This book is absolutely amazing, and I strongly recommend it to everyone.
Yes, I said everyone. If you are a human being who is reading this post/review, you live in a first-world society and you interact with females. You will benefit from a greater understanding of what modern social standards do to young females and how they shape us for the rest of our lives, how they twist us into disordered thinking that touches absolutely everything we do, from how we think about ourselves to our personal and business relationships, our spirituality, our health — everything. And you will have an opportunity to change how you interact with females, particularly girls, so that you are more of a positive influence rather than yet another person who is pulling her down and holding her back.
I was already familiar with some of the research regarding the media and unrealistic portrayals of women. I knew that every magazine cover is Photoshopped and airbrushed, that “normal” models represent only 1–2% of real women, etc. I didn’t know that 5% of American high school girls have turned to taking anabolic steroids in order to get a more toned, slim look, according to the CDC’s 2003 Youth Risk Behavior Surveillance System, and that one out of every 14 girls in American middle schools have tried steroids for the same purpose. I had heard that the popularity of cosmetic surgery for young people was rising, but I had no idea that it was as prevalent as it is. I can’t remember exactly how high, but it was frightening.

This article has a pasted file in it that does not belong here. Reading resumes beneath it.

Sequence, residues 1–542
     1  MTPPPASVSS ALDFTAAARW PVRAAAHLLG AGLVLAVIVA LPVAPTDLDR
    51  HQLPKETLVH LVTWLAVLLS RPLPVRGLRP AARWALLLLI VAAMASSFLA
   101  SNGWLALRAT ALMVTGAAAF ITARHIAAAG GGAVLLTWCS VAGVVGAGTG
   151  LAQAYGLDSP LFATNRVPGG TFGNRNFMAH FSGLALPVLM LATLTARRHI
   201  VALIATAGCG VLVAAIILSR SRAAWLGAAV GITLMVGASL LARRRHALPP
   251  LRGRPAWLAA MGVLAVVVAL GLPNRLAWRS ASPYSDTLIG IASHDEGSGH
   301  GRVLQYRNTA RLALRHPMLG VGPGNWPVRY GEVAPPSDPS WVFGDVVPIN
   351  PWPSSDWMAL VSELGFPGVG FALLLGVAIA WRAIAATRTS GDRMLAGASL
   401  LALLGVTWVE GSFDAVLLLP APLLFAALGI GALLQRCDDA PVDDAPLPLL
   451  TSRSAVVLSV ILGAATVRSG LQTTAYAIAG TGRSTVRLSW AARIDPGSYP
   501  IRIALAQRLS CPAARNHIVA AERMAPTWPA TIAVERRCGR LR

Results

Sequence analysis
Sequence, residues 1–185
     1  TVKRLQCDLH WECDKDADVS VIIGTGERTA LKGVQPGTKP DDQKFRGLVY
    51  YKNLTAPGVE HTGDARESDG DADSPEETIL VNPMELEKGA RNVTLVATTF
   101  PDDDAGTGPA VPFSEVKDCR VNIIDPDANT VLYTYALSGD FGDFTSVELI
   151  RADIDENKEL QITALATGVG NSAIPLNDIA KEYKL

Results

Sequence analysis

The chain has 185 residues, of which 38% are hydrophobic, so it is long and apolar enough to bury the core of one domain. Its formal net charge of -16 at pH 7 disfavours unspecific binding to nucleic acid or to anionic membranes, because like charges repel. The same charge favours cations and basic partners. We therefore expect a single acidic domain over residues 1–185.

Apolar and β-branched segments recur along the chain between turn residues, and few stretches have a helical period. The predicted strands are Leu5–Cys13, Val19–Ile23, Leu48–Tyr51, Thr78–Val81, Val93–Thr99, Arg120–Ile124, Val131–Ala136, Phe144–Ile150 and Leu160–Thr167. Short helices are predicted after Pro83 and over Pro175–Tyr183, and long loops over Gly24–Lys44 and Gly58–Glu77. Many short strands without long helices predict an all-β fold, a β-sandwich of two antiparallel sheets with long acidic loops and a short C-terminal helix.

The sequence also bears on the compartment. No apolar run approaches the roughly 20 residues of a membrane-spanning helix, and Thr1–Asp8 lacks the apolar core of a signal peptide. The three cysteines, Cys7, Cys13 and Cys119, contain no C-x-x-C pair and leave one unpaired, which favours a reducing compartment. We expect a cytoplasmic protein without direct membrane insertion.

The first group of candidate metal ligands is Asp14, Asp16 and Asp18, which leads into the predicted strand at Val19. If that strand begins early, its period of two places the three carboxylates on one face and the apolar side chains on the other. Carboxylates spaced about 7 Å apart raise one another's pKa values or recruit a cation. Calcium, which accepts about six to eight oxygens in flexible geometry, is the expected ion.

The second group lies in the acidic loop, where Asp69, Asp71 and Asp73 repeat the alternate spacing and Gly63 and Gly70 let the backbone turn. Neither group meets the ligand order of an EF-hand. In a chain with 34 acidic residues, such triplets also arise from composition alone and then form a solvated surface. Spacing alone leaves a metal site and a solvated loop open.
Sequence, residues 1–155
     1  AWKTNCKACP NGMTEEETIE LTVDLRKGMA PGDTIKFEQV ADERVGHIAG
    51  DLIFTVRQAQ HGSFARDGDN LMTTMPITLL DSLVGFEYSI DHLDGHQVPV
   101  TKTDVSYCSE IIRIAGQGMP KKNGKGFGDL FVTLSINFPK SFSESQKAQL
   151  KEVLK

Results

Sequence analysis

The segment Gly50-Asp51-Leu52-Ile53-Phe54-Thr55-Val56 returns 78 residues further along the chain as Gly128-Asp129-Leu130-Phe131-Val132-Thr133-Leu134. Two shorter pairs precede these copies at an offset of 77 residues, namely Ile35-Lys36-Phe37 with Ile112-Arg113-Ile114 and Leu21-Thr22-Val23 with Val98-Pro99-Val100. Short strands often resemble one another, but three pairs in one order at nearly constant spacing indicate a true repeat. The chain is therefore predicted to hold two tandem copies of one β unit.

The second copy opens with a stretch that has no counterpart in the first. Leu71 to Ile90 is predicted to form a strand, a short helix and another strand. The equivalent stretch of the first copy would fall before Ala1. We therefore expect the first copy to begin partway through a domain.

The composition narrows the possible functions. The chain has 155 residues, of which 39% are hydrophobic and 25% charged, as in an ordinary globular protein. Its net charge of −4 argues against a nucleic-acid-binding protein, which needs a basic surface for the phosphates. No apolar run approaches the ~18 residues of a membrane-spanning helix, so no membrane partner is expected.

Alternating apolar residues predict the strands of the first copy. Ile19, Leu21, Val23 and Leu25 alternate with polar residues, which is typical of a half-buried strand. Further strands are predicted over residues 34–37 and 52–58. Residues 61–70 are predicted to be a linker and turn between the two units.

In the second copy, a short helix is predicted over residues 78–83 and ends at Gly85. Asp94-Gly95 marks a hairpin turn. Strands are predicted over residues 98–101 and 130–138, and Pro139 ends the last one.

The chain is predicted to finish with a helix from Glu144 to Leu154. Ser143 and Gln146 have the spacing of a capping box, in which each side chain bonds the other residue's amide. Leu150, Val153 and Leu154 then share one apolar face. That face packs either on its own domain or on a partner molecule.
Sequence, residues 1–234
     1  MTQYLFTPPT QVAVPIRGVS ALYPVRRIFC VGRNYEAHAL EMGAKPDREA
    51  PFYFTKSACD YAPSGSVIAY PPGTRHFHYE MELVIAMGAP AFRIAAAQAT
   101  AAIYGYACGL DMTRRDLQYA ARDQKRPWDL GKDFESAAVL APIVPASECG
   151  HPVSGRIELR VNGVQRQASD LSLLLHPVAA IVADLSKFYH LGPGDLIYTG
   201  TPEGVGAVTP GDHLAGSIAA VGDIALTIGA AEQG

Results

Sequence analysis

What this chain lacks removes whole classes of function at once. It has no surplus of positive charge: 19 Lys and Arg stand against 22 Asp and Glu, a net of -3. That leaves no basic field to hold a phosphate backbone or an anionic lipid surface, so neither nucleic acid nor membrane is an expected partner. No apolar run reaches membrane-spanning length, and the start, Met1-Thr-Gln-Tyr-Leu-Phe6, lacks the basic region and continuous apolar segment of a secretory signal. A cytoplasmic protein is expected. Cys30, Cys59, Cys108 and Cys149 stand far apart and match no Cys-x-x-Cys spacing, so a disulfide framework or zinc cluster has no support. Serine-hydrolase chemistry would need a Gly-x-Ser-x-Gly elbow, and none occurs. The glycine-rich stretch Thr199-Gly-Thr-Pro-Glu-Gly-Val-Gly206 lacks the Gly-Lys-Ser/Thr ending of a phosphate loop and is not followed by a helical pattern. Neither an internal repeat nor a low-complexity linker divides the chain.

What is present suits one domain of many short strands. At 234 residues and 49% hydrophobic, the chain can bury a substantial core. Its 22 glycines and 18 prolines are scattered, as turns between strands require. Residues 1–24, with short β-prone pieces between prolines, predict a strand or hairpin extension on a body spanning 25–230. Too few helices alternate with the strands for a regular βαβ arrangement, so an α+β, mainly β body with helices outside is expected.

If there is a young lady in your life, stop for a moment and think — are you a positive influence on her? When young women in college were asked about what they recall their parents saying about their bodies as they grew up, 80% of the responses were of negative remarks. What will the girl in your life remember you saying? If you’ve ever wondered whether or not you should talk to her about losing a little weight, don’t. Believe me — the rest of the world has already beaten that into her, and will go on doing so every minute of every day. There’s no way she doesn’t know that her body is unacceptable, whether she’s still carrying a little baby fat, is morbidly obese, or simply has a slightly round face.
One of the things I admire most about Good Girls Don’t Get Fat is that it doesn’t just talk about how bad things are, it gives concrete suggestions for improvement! That’s what we need.
The book is available in any format you can imagine. Pick it up. It’s an easy read, and wonderful.